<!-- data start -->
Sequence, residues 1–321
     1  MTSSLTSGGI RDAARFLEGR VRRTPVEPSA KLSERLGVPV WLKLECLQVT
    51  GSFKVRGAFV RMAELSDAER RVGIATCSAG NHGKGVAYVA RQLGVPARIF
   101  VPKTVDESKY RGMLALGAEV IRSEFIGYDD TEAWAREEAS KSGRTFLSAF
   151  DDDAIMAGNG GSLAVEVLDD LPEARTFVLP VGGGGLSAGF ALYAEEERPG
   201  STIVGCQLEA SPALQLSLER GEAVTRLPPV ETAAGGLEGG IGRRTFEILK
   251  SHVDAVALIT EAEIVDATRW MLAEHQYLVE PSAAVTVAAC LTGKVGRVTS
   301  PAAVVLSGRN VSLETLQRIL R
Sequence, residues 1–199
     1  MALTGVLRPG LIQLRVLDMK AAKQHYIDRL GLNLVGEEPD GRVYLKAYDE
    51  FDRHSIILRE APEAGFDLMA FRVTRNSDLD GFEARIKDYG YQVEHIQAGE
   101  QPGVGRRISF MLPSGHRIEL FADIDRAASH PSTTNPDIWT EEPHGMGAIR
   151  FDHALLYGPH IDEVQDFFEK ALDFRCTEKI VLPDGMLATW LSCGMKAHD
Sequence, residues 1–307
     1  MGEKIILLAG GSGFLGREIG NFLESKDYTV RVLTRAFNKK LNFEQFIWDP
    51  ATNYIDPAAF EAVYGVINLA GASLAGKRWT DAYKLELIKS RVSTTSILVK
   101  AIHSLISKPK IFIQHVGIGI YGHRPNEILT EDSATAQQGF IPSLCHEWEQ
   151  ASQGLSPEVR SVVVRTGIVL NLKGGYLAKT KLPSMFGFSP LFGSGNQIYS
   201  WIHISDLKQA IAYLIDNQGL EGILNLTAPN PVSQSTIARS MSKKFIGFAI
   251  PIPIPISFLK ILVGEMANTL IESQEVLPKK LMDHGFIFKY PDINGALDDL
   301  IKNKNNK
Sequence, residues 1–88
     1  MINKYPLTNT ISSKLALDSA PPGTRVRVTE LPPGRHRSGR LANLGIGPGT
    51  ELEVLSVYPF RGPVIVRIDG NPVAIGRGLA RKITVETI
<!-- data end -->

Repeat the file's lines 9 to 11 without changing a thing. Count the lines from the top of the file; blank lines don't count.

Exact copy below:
Sequence, residues 1–199
     1  MALTGVLRPG LIQLRVLDMK AAKQHYIDRL GLNLVGEEPD GRVYLKAYDE
    51  FDRHSIILRE APEAGFDLMA FRVTRNSDLD GFEARIKDYG YQVEHIQAGE